• Van Phuc silk village – Renowned for its traditional weaving and premium quality silk products
  • Sapa Market – Busy indoor market full of crafts, clothing & accessories

EXPLORE THE TEXTURES OF VIETNAM WITH STITCHTOPIA ON OUR SECOND VISIT TO THIS VIBRANT COUNTRY. FIND OUT MORE HERE

Irish Traditional Textiles

6. IRELAND

As well as its stunning scenery, the west of Ireland is also renowned for it’s high quality goods. Creative crafts continue to flourish and traditional crafts including knitting have been revived. Knitting schools were introduced across the country in the 1600’s and since then, knitting has been a source of income for many households. Aran sweaters with their distinctive design are a symbol of Ireland and still inspire designers today.

WHERE TO VISIT?

  • Ó’Máille, Galway – One of Ireland’s oldest stores selling handmade traditional Irish clothing, crafts and yarns
  • Innis Oirr – The smallest of the Aran Islands, renowned for their traditional ways & home of the Aran sweater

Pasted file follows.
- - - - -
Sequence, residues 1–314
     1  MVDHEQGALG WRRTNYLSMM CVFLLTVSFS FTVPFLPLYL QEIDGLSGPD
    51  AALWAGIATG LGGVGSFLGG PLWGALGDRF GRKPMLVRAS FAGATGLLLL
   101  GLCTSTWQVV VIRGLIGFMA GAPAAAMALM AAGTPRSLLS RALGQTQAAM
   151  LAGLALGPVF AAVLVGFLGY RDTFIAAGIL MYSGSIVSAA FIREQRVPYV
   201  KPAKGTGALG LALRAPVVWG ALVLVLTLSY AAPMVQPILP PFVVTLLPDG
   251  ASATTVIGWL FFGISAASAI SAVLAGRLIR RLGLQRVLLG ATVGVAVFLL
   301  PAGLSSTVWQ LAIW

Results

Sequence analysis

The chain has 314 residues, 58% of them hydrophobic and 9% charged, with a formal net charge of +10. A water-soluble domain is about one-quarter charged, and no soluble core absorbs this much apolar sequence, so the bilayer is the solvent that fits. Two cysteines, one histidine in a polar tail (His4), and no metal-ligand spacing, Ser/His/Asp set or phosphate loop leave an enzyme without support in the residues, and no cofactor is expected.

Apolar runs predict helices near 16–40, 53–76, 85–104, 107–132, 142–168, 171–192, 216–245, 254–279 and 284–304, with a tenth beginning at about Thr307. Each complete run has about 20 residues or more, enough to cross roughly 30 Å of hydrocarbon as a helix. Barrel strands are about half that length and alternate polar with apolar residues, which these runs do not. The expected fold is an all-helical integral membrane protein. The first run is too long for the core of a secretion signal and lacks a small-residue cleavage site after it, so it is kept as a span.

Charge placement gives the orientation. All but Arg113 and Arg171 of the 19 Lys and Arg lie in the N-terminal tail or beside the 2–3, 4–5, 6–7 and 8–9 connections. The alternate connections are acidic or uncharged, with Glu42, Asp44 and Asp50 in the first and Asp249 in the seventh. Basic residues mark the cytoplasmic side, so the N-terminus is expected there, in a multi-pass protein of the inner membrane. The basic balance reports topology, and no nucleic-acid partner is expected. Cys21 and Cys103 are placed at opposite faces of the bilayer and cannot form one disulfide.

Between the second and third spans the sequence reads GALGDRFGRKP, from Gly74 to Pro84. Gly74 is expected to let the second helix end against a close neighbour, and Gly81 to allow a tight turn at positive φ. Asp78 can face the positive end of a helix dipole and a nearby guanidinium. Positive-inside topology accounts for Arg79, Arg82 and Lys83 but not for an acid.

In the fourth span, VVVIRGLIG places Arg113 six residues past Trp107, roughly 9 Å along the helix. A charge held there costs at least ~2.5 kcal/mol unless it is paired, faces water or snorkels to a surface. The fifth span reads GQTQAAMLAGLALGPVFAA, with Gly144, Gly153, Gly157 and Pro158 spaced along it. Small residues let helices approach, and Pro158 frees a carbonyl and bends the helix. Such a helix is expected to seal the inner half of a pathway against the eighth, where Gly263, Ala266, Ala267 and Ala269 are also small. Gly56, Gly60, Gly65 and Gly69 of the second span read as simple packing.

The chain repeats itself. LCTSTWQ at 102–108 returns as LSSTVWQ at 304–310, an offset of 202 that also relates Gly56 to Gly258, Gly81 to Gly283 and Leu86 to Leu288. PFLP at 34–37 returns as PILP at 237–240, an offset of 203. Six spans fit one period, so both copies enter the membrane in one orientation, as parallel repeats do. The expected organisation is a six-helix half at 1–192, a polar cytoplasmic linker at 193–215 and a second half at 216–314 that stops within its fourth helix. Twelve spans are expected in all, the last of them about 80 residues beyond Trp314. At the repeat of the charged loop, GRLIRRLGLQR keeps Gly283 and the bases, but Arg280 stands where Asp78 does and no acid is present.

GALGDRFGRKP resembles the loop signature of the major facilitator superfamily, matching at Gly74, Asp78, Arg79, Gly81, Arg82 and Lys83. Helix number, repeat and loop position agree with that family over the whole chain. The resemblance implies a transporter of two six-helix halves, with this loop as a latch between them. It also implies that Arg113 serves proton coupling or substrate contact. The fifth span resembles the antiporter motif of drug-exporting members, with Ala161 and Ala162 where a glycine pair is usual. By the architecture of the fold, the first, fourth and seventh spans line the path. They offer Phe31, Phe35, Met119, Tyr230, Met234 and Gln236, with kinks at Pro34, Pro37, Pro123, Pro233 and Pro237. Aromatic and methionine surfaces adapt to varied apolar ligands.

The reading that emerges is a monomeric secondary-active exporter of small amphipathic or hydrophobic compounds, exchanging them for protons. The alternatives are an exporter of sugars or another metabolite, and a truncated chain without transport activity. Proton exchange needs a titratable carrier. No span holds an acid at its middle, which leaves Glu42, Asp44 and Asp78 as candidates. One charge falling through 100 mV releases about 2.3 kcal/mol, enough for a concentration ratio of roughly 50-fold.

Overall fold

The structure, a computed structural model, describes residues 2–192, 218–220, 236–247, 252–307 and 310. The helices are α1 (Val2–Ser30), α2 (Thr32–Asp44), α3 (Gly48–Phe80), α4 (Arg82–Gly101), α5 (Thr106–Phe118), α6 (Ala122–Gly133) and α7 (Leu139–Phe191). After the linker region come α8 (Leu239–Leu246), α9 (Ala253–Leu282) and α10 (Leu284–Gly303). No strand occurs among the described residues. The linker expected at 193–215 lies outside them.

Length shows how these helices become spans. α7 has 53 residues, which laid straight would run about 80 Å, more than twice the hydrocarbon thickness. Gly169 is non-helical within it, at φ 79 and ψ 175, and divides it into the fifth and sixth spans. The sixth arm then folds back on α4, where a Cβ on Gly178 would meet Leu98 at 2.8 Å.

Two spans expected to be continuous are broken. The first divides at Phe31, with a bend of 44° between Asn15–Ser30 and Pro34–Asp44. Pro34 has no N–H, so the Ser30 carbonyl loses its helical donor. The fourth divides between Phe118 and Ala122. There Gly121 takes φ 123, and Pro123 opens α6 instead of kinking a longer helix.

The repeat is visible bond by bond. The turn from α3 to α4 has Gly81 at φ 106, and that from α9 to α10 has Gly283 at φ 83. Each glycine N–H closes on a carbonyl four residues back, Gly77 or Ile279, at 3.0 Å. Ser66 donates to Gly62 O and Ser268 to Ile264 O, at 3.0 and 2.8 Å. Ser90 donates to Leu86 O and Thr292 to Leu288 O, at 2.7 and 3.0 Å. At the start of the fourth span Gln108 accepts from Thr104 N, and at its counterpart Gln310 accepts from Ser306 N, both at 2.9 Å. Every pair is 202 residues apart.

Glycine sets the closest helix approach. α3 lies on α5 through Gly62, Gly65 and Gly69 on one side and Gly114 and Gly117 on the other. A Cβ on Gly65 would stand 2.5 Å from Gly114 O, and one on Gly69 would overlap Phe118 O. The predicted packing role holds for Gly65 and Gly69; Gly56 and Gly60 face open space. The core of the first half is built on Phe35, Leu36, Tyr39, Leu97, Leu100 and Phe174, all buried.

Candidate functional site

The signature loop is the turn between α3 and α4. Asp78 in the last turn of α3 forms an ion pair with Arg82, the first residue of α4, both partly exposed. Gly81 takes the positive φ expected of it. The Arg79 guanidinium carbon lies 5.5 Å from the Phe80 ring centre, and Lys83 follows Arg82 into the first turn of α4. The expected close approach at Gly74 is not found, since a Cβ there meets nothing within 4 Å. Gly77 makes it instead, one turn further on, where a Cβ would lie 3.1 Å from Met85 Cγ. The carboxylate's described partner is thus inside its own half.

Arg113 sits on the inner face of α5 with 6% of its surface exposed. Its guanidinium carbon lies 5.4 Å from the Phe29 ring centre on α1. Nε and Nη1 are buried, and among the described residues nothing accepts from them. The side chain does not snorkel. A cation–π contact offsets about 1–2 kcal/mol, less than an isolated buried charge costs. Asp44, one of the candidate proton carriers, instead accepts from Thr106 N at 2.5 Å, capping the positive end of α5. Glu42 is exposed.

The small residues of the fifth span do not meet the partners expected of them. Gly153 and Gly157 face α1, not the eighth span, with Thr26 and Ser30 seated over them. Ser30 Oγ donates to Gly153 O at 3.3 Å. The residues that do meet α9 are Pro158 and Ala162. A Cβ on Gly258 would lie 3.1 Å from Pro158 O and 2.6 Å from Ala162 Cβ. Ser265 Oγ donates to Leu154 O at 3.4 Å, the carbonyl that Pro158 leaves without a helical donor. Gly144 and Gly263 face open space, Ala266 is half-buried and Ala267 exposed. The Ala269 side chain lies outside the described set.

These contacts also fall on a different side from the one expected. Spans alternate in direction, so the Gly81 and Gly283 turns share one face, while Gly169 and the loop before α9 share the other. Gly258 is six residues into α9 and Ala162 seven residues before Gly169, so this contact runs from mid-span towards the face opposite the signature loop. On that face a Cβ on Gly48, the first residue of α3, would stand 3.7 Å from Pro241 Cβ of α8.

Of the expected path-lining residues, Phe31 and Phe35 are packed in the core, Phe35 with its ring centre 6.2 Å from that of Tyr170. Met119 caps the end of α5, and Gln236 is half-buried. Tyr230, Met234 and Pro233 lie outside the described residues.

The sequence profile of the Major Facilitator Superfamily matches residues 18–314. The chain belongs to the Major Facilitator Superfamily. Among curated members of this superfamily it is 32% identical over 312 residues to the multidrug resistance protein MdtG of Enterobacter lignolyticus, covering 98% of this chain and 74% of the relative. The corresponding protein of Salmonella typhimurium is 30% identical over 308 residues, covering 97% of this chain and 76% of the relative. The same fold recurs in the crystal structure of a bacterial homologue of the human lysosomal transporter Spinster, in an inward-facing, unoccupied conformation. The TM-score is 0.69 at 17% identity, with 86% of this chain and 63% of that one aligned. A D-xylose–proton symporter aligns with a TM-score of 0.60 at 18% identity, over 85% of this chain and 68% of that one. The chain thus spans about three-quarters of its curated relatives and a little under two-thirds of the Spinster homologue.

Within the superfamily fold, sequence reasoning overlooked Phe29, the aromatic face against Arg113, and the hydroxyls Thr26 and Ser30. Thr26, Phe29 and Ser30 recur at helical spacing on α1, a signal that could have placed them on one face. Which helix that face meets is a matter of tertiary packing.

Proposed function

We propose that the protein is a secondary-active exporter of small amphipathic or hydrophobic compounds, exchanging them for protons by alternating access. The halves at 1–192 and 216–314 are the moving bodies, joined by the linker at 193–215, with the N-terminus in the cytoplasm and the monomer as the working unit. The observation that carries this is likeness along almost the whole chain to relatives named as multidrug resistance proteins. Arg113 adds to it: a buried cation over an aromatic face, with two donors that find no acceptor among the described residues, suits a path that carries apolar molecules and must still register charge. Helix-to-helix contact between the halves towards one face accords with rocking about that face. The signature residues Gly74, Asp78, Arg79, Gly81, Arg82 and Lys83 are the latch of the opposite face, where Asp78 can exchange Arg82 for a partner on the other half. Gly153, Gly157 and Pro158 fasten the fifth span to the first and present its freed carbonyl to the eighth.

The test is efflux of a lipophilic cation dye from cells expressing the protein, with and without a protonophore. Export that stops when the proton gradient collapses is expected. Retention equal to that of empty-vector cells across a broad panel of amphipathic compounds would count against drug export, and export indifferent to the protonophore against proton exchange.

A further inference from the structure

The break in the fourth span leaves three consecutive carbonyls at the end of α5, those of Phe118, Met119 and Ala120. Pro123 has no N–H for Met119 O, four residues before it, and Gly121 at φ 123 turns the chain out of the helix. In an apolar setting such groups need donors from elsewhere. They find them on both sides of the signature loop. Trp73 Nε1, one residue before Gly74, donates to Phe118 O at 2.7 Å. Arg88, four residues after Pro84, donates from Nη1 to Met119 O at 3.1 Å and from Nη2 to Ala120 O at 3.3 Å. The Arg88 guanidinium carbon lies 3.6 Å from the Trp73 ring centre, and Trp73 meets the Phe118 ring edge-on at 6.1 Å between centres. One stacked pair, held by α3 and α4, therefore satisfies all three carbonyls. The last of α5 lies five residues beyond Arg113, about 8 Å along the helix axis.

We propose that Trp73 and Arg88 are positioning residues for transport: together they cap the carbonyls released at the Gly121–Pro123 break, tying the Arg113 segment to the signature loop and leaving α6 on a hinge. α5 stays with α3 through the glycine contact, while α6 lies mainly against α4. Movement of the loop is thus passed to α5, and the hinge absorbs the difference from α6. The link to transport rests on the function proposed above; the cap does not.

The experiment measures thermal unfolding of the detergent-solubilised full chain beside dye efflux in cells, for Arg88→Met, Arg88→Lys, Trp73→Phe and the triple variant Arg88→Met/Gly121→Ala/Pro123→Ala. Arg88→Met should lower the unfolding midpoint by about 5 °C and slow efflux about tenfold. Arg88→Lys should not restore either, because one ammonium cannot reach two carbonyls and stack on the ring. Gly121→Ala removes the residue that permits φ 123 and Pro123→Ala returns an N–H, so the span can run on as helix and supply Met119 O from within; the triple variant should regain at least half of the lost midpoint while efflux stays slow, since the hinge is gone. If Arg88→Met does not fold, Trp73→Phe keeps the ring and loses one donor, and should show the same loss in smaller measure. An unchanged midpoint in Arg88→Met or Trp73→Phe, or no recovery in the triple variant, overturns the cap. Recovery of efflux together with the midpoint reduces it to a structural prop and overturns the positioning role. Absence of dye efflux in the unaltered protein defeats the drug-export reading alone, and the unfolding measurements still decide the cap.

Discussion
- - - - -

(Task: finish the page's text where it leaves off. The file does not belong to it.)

• Sheep and Wool Centre, Connemara – Marvel as sheep’s wool is made into yarn during daily demonstrations

EXPERIENCE THE GAELIC CHARM OF IRELAND ON OUR KNIT AND CROCHET TOUR IN 2018. FIND OUT MORE HERE

Peruvian traditional textiles

7. PERU

Forget gold, in Peru, textiles were once so important that they were used as currency! Authentic techniques are still being used on an every-day basis as they remain such an important part of Peruvian culture. The country has a long history of Alpaca goods & they remain at the heart of the Peruvian textile industry today & the best place to find them is in Cusco.

WHERE TO VISIT?

  • The Centro de textiles tradicionales, Cusco – A non-profit organisation which supports the local weaving industry & demonstrates the traditional processes still used by locals
  • Patacancha, Cusco – A traditional weaving community known for its colourful, high-quality textiles

Indian Traditional Textiles

8. INDIA